The current dream of subterranean engineers is the link between Siberia and Alaska (two quite barren places, no?), the so-called Bering Tunnel, which would run the 55 mile distance across the intermittently open Bering Land Bridge. The sea is shallow here, and the last window for a dry crossing was between 13,000 and 23,000 years ago, giving credence to the Bering Strait Theory of migration. Even more tunnels.

There’s also talk of a tunnel under the Strait of Gibraltar. Last year we attended a brief talk on the history of Gibraltar while taking a very pleasant cream tea on a sunny verandah overlooking the Mediterranean (where this photo was taken, in fact). One fact (fact? more like an anecdote) we learned, as the choice of jams started to overwhelm, was that the Mediterranean was originally formed when the Atlantic poured over a breach in Europe’s mountain ranges (of which the Rock of Gibraltar is a surviving remnant). Apparently this waterfall was many miles high and cascaded billions of tonnes of water for century upon century. Well, probably not, but the image was magnificent, and shook us out of our jam-induced reverie. And, as everyone knows, the Rock is riddled with mile up mile of tunnels (although various sources say 30 miles, 80 miles and 80 kilometres). Which takes us neatly back to where we came in.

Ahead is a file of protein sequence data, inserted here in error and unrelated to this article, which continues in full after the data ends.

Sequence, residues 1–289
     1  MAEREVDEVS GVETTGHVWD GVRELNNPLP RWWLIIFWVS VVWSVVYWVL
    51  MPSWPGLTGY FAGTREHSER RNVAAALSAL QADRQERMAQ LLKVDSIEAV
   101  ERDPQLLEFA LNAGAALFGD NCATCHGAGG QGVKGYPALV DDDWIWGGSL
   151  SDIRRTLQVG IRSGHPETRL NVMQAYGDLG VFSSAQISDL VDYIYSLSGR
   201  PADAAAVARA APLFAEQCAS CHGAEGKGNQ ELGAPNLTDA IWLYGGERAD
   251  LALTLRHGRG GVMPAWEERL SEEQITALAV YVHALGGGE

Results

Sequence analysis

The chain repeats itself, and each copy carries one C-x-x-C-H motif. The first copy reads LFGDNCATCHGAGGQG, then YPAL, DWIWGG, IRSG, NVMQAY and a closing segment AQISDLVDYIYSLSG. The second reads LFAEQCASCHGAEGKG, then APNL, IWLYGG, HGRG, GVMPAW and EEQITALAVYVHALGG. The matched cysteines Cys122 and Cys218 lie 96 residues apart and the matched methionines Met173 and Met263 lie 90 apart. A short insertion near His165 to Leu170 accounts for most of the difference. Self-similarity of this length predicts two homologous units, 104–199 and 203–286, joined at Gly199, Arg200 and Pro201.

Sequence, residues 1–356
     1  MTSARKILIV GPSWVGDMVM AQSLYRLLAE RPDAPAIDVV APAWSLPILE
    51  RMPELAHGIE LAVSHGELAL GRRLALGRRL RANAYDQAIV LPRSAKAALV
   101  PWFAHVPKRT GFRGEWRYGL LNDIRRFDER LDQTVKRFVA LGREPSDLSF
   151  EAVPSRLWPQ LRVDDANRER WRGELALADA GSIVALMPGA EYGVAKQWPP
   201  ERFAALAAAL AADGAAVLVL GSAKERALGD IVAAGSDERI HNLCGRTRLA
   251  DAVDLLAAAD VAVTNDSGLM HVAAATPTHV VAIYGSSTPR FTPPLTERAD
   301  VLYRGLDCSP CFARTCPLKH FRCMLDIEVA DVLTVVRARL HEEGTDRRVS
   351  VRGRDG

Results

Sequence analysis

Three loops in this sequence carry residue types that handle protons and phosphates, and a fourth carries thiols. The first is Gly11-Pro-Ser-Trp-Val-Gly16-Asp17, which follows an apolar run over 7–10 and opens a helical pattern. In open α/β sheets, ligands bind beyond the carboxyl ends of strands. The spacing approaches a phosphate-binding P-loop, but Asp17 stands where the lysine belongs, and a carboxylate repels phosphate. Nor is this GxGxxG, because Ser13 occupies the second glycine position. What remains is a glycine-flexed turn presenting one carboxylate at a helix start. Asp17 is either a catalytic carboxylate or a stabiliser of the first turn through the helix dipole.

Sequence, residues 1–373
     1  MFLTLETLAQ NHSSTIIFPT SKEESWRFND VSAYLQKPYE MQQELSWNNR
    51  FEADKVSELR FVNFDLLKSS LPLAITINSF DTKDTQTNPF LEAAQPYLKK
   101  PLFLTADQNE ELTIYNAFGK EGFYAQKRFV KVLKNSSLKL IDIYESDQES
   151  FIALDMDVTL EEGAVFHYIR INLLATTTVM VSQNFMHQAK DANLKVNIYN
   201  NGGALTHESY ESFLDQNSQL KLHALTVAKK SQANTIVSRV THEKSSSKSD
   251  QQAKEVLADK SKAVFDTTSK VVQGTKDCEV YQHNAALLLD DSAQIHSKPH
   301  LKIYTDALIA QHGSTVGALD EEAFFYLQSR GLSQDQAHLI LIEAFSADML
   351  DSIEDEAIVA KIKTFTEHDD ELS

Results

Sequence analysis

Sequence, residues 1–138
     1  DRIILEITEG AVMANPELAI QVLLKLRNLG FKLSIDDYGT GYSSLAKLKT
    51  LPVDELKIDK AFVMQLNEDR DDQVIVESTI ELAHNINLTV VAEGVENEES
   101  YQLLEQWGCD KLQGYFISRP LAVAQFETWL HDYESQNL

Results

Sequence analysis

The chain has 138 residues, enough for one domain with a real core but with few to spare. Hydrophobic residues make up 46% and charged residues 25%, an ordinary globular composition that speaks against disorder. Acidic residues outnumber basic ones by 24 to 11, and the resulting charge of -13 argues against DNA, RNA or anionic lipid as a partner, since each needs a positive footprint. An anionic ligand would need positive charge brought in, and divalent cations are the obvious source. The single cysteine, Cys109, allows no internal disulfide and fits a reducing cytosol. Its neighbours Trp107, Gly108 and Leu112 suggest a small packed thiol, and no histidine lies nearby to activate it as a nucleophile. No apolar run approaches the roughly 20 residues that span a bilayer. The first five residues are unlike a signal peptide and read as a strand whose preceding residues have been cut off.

Two interesting posts on metro-centric design subjects: Anti-Mega on Habitat, Terence Conran and Tom Dixon, and City of Sound on the Design Museum's current Archigram show, which reproduces the group's cut'n'paste, pop-culture aesthetic. Is their rough and ready approach ready for a come-back?Interestingly, architecture's current iconoclast, Rem Koolhaas, has eschewed the slick Bruce Mau-designed monograph (although there will be more in the Harvard Design School Series) for his latest book, Content. This publishing project uses collage, cartoons, photo-montage, diagrams, and a generally anarchic approach to its subject (not to mention a low price - thanks to magazine-style adverts) – the recent work of OMA. Engaging with disengagement, might be one way of looking at Koolhaas’s methodology. See also here and Kool in the Haas at at Greek Tragedy.

Other things. Three weblogs of note: red elephant, a.j.duric, drink me (who links to this collection of Nancy Drew merchandise) / public housing in Chicago / the-history-of.net claims to set out 'the history of stuff explained in simple terms' (via muxway). There's a pleasingly eclectic selection of stuff, from Bras ('an uplifting story', ho ho) to web hosting / world sex records.